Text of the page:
Chapter 33

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I observed the world through Will's eyes.

We stood in a golden meadow outside the royal palace, and the wild grass brushed at our trousers, tickling the exposed skin of our wrists and elbows. Blue sky stretched above us—faded and scratched, as though the prince could hardly recall the landscape, as if his memory had suffered the same effects as an aging photograph. But the Morning Glory sky was still a stark contrast to the dull grays that plagued us now, and I welcomed the nostalgia.

Across the dirt path was a prepubescent boy with dark hair braided down his nape, his pants rolled up to his shins and his collared shirt untucked and ruffled.


He smiled at us—a true, genuine smile—and then he swiped through the air with a hefty stick, daring us to engage in a duel.

Almost two heads shorter, Will lunged forward and fake-stabbed his brother in the gut with a cottonwood twig. The older boy clutched his stomach and fell backward into the reeds, an exaggerated grimace on his face, eliciting a few joyous giggles from his younger brother.

Giggles.  From Will.

"Got you!" he exclaimed, pointing his makeshift sword at Regulas.

"And whom did you get?" came an amused and honeyed voice. Will turned around, and a woman in a white summer dress grinned down at us. Her raven hair fell like a satin sash over her shoulder, and her features were softer than Will's, her nose slim and rounded at the base, her mouth small and her lips full and pink as a radish flower. But she bore the same dark, angular eyes as her son—eyes that held wisdom, eyes that held history.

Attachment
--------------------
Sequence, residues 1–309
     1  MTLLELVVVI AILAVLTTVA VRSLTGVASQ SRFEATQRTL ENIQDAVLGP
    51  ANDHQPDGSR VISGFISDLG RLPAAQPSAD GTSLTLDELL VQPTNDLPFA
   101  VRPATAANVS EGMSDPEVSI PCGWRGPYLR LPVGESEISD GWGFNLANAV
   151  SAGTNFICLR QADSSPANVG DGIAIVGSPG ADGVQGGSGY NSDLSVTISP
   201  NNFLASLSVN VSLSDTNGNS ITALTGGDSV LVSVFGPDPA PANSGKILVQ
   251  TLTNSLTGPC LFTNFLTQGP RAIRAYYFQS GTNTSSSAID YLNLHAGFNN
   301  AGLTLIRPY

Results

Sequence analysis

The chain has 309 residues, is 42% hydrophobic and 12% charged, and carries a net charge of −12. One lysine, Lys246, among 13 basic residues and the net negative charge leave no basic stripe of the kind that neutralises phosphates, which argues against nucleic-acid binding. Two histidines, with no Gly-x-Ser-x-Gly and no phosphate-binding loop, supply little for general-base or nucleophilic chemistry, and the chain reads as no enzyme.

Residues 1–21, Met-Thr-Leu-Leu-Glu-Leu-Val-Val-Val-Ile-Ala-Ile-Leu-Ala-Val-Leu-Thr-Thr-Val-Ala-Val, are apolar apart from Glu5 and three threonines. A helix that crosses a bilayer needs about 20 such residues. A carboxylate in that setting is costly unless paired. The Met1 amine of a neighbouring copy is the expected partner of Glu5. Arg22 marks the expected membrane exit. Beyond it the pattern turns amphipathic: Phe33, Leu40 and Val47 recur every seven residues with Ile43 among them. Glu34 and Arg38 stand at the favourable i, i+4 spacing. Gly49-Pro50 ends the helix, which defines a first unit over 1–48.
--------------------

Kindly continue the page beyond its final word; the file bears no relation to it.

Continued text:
She carried another child in her arms. Based on the toddler's matching white ruffles and the tufts of black hair sprouting from her head, I figured she must be Lucy.

In this glimpse of Will's childhood, I was witness to the royal family of Rhea, intact and happy and warm.  Perhaps for the last time.

"I've got an enemy," Will declared. He waved his stick at Regulas, as if it were obvious.

"Oh, is that right?" the woman hummed. "And now that you have him, what will you do with him?"

I could feel Will's exasperation brewing. He was in the middle of a game; why on earth would he stop for a moment of introspection? Impatient, he glanced back at Regulas, who still sat on the ground, chuckling behind his fist. "I dunno. That's not the fun part."

"No," his mother agreed, shifting Lucy in her arms so she could ruffle Will's mop of hair. "No, it isn't."

The memory vanished in a burst of black and white feathers, and in the next scene, Will and I peered around a wooden door into a master bedroom, the thick maroon drapes blocking the sunset colors and drawing our eyes to the trembling candle flame on the dresser.

Will's mother lay in a bed of silk sheets. Expensive pillows supported her back, and her glossy hair had been tied in a bun, loose bangs now lackluster where they clung to the sides of her face.

She spoke in hushed whispers to the tall man standing at her side. From this position, we could only see the back of his dark tunic, but the silver crown on his head told me precisely who he was, and I wasn't sure who was more perturbed by his presence—Will or myself.

The young prince hugged the wall, nervous and afraid, and below him, his sister's small head peeked out from the door, blue eyes glistening as she watched on in confusion.

The queen caught sight of her children, and she murmured something to the man before reaching toward us. "Asa-kun," she said calmly. "Come here."

Will approached her with trepid steps. At the same time, the king turned and walked out of the room, and I only caught a glimpse of his features: a lean frame, tattooed hands, and dark brown, shoulder-length hair.

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